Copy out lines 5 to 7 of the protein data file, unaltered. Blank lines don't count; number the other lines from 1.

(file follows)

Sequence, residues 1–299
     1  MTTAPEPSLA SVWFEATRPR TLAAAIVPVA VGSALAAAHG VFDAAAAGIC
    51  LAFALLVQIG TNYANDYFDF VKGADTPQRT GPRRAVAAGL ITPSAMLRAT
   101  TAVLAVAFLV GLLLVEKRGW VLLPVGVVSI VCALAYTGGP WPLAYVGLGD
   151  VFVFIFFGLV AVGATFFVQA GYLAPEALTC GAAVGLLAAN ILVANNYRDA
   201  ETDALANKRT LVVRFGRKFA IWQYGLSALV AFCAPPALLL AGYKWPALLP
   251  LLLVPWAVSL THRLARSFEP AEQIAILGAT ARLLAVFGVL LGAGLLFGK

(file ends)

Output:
   151  VFVFIFFGLV AVGATFFVQA GYLAPEALTC GAAVGLLAAN ILVANNYRDA
   201  ETDALANKRT LVVRFGRKFA IWQYGLSALV AFCAPPALLL AGYKWPALLP
   251  LLLVPWAVSL THRLARSFEP AEQIAILGAT ARLLAVFGVL LGAGLLFGK